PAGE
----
So, a few provocations…

Increasingly social media is becoming synonymous with big data. The tracks and traces we leave online mean that social media research is increasingly needing to engage with or at least acknowledge this big data. And real time analytics are an important part of this. What do they mean for academia and the time frames we are used to? How quickly can we produce findings, and findings which are robust… there are ways in which our work is being broken up and being challenged.

I was pleased to see the word cloud of keywords for papers and note lots of mentions of Facebook and LinkedIn and not so much Twitter. That would be good to see… in the literature we are seeing a real focus on particular platforms… Twitter seems to be a dominant platform there but social media is not Twitter, we have to be careful how we extrapolate from one platform to others… I think this is partly to do with attention and real time aspects. Other platforms that get researched a lot less have a very different dynamic. A site like Pinterest isn’t as concerned with real time, it works quite differently. We have to be careful how we build this field collectively.

So, where are the research questions, when we talk about social media? And big data? Often we are data driven – what is available to us not a series of critical research questions that lead to data, to tools. And social media research, at least in the early days, was a lot about how to get a handle on this data, how to deal with it… but we are now moving to a phase where we need to think about the theory. We can no longer get away with being theory-light.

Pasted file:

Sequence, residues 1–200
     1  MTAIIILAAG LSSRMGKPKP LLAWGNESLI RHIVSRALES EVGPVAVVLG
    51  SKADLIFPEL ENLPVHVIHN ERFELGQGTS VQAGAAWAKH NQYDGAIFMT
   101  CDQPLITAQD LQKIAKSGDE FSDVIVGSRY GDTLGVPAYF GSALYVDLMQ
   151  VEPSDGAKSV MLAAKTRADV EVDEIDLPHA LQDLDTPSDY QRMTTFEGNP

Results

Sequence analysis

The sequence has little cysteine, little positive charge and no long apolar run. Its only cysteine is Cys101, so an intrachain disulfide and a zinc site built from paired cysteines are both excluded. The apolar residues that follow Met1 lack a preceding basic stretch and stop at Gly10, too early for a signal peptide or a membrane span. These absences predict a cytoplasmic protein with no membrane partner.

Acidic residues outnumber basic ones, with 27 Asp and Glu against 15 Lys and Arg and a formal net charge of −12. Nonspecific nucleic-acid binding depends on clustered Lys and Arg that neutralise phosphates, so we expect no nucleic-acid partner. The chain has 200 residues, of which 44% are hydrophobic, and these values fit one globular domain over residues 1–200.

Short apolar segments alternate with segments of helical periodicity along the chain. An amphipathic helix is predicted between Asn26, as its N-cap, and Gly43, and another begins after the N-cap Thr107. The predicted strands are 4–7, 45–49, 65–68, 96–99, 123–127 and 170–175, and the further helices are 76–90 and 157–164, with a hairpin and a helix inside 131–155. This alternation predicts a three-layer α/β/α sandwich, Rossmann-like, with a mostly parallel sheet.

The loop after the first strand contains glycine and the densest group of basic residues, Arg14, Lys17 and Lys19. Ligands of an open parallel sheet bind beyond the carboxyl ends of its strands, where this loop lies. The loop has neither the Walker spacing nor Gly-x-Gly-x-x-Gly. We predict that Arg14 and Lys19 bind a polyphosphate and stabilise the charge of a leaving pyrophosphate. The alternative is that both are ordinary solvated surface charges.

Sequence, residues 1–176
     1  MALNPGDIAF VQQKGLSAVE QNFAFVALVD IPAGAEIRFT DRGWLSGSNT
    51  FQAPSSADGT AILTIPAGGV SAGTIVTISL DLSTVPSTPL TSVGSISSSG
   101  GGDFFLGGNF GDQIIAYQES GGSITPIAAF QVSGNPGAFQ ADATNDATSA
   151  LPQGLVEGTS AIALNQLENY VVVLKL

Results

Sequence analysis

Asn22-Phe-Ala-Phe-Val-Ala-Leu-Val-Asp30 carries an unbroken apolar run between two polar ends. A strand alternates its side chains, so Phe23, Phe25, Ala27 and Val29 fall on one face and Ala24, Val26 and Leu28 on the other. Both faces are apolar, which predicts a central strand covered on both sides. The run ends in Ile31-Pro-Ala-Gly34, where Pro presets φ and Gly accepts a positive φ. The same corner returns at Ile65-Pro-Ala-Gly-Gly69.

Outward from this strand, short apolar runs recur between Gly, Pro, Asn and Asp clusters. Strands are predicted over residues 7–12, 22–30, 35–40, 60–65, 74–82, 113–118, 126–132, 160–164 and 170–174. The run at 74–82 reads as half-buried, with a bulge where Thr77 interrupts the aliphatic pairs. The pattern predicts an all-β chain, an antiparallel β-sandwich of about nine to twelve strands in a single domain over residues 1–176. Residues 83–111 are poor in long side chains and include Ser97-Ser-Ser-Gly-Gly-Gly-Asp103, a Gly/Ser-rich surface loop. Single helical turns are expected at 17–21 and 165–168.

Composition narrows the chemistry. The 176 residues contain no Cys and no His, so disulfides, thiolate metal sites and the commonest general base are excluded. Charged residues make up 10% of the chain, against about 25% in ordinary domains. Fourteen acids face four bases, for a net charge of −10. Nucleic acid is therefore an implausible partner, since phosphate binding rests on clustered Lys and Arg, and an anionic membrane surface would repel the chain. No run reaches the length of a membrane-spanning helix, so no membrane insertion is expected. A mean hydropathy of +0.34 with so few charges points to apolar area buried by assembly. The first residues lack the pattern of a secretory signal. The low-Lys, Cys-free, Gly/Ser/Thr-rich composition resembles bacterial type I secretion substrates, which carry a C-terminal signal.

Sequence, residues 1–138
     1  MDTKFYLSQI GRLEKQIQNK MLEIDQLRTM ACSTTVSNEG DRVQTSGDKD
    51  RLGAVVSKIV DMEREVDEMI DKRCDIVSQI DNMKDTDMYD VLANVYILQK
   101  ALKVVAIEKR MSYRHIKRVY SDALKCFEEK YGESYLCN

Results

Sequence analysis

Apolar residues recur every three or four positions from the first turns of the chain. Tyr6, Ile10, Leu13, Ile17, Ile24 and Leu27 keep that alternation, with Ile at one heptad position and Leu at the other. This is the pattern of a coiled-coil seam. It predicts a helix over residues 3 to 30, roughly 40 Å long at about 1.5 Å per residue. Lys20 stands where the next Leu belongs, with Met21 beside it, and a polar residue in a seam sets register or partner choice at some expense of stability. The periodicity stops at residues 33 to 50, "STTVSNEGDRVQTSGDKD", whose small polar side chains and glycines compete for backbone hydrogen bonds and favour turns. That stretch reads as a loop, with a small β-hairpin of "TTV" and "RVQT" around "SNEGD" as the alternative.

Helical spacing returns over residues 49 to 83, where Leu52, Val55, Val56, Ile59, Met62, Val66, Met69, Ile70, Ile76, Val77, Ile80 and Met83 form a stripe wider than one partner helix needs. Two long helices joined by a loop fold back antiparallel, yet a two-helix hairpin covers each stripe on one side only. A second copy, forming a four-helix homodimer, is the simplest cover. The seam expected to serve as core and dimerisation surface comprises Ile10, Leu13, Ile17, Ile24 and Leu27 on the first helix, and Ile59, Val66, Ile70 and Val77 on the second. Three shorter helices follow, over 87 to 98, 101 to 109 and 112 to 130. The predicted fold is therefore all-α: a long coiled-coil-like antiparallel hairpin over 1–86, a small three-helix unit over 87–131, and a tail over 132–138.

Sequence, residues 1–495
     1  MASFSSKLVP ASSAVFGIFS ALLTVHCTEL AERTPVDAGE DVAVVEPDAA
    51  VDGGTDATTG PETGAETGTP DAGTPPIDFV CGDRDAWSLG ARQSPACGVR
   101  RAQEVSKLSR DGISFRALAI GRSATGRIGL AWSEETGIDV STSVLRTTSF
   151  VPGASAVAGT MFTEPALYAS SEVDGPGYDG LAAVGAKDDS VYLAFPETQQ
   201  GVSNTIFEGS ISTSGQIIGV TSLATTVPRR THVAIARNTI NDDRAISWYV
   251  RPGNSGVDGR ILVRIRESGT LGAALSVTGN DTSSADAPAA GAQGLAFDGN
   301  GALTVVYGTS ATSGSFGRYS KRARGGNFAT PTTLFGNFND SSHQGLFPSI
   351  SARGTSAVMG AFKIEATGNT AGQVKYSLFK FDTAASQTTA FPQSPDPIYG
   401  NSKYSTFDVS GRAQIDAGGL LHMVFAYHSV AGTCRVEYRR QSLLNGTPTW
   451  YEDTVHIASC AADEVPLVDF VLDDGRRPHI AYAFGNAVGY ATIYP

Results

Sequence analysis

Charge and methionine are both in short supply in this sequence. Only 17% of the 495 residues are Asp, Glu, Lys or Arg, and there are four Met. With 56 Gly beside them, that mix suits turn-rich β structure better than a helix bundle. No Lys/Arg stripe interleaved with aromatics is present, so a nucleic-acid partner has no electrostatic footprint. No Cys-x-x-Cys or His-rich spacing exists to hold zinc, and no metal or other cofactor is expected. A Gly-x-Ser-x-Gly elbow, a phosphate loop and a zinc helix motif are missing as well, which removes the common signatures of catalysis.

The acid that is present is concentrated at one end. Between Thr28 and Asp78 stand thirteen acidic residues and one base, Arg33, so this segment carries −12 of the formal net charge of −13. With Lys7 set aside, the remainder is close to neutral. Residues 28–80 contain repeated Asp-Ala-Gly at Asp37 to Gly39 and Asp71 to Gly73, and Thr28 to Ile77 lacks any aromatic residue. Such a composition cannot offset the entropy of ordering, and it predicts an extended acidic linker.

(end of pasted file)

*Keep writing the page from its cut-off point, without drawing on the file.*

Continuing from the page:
And some other issues that come up time and time again, not least in relation to the Facebook contagion study, are issues around research ethics – do we need new ethical frameworks, do we need more agile ethics, how do we apply traditional ethics in a new research space. There are questions of methods. There are issues of sampling. And I think we still haven’t really grappled with is data sharing… when you deal with social media data it is data you cannot share with other researchers and that has real implications… For instance Twitter are really honing in on data use. Twitter, when they went public, have become very much concerned with selling data which is their business plan. That means for us as researchers we have real challenges with sharing proprietary data sets. And real issues with regards to open data and transparency, and with the funding council. Making applications for research funding you are expected to talk about data sharing and that means proprietary data is a real problem.

It’s brilliant to see so much research on social media… but less good to see a lack of funding for social media research. Both the AHRC and ESRC talked about funding a research centre last year, but for various reasons that funding never made it to a call… the funding calls could do a lot more to fund specific social media research. The ESRC are moving into their third phase of Big Data funding, but none specifically for social media, despite it being a major big data topic.

So, what is the future for this research field? In some ways we have this tension between huge enthusiasm and interest, there is a lot of excitement and innovation happening, but that has to be underpinned by a funding but also training framework to underpin this research.

I just want to talk for a while about where I have come from in this research field, and where I see this going… and how some future of social media may be going. I got involved in social media fairly early on. I did a PhD on the Israel-Palestine conflict and focusing on the representation of victims. And in 2005 when Hurricane Katrina happened the media representation of victims there, particularly two press pieces representing black people as thieves, white people as victims. There was a real backlash from the blogosphere and I found that community, that voice online, really fascinating and exciting, providing a voice for those not being represented.